31. Kiss under Mistletoe
  32. Live by the ocean
  33. Learn to scuba
  34. Make the perfect cup of coffee
  35. Learn how to make latte art
  36. Be fearless
  37. Own a 1967 Chevy Impala
  38. Make epic, award worthy cosplay
  39. Perfect cat eye
  40. Go fire walking
  41. Read a book in something other than English
  42. Visit every museum and zoo in the state I live in
  43. Visit Cueva de los Manos
  44. Leave a note in Juliet’s Wall
  45. Make someone smile more often than cry
  46. Be invited to a PowWow
  47. Stop worrying
  48. Stop micromanaging
  49. New Orleans Mardi Gras
  50. Swim with dolphins
  51. See Heaven’s Trail
  52. Give Christmas to a children’s hospital
  53. Replace my wardrobe with clothes I actually like
  54. Repay all the kindnesses
  55. Change the world

I know there are more-I’m just not entirely sure I could remember anything else. (Clearly haven’t mastered that perfect coffee haha!) But I think this is a pretty solid list-and I’m going to get started on it right away.

I’ll let you in on a secret.

I’m tired of people telling me what I do and do not know, what I need to do to know things, how much I’m allowed to know. I’ve spent the last two decades being told I can never know everything, but being held accountable for everything regardless, only to find that every year or so, what I know is obsolete information. I may never meet the standards of knowing. But I’m ready for something else. If after 20 years knowing things doesn’t make me happy, I’ve got to change things. So these next twenty years aren’t going to be “knowing” years-they’re going to be “experience” years. I’m gonna do things, see things, live things. So that when I get to the next fork in the road, the only thing I’ll know is myself.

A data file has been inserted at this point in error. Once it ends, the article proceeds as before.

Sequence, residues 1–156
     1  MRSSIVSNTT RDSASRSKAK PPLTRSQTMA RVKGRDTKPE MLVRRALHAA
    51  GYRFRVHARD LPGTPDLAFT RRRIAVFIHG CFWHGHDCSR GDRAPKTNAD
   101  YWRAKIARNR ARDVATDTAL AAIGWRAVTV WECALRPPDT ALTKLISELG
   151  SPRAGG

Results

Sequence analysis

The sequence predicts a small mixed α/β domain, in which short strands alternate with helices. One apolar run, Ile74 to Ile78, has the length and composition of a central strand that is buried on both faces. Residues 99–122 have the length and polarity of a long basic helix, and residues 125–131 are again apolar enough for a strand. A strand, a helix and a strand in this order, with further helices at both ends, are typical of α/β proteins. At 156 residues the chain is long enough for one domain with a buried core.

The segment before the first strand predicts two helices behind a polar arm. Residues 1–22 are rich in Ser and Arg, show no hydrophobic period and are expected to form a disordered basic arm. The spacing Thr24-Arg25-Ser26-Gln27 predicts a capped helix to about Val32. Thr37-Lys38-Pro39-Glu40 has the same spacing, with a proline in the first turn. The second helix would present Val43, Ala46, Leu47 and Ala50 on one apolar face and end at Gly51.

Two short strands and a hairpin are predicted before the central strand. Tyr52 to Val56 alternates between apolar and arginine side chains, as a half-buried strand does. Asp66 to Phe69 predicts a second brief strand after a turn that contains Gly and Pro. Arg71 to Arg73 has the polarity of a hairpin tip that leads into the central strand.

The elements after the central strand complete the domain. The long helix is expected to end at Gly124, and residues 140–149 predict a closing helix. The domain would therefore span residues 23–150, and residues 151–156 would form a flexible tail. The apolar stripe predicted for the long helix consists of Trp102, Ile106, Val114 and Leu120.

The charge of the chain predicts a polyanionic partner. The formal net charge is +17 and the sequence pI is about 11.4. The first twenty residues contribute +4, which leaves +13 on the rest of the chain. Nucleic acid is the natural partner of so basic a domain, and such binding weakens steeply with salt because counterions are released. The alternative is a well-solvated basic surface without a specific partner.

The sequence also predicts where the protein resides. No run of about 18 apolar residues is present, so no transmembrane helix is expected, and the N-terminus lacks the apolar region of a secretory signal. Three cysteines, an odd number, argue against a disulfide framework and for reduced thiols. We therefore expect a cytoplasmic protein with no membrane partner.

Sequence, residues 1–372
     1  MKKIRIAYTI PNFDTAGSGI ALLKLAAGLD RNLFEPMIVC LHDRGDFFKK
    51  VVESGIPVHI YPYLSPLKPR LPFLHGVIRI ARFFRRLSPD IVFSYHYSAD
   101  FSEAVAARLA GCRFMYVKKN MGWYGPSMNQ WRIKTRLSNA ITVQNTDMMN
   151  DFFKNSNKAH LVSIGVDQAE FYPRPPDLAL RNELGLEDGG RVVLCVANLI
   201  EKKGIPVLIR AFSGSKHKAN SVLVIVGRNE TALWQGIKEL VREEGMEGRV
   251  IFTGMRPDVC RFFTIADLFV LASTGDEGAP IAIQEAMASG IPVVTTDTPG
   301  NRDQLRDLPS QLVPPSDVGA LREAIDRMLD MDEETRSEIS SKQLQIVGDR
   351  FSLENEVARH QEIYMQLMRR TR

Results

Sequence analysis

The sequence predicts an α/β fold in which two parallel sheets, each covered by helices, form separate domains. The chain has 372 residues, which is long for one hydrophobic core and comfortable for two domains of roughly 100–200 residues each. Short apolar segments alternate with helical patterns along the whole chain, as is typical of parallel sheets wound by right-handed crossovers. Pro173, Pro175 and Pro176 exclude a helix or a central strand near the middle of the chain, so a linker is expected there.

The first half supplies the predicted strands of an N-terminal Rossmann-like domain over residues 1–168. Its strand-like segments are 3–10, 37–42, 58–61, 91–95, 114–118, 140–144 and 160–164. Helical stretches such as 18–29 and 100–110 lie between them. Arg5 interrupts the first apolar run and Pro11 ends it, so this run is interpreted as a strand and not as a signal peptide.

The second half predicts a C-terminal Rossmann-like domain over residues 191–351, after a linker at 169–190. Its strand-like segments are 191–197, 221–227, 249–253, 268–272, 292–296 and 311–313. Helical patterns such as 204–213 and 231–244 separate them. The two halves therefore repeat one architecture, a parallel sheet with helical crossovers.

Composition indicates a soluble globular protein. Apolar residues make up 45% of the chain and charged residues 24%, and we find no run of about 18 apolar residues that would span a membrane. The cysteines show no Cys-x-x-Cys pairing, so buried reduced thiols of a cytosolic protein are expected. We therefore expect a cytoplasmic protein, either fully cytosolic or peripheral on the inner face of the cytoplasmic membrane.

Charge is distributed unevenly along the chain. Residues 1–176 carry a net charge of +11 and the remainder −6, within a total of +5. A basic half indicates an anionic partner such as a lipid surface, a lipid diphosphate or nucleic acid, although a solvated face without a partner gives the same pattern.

Freedom Writers (The 2016 Version)

freedom-writersI don’t know how many of you have seen the movie in the title (with Hilary Swank and Patrick Dempsey). The premise according to Google: “A dedicated teacher (Hilary Swank) in a racially divided Los Angeles school has a class of at-risk teenagers deemed incapable of learning. Instead of giving up, she inspires her students to take an interest in their education and planning their future. She assigns reading material that relates to their lives and encourages them all to keep journals.”

There is a scene in the movie in which Hilary discovers a very racially biased drawing (an African American child with big lips) and says “This is how a holocaust happens.” The kids didn’t know what the Holocaust was and that leads to the real meat of the movie.
That moment happened to me in real life Sept 27. And I need to talk about it.

I’m gonna link to the videos of the portion I’m talking about. I’m sorry it’s not one video. The first one is the intro (poor quality) the second one sounds reminiscent of my class discussion today (better quality), the third one is where healing begins (but also is heart breaking-because they are high school kids) (has subtitles). And this video plays into what I need to say.

I walk by thousands of posters every week. They hang on bulletin boards in buildings, outside, on sign posts, everywhere. Flyers, ads, everything. I pay attention to them a little because I hang up some of them (academic ones, on my floor at the department). But most of them I miss because I’m very busy.

My first class this morning, the professor (who I find delightful) burst through and was quite visibly shaken. She mentioned that we were not going to be taking class the direction she’d originally planned and held up these two posters (I’ll explain why I have them when we come to that point in the story).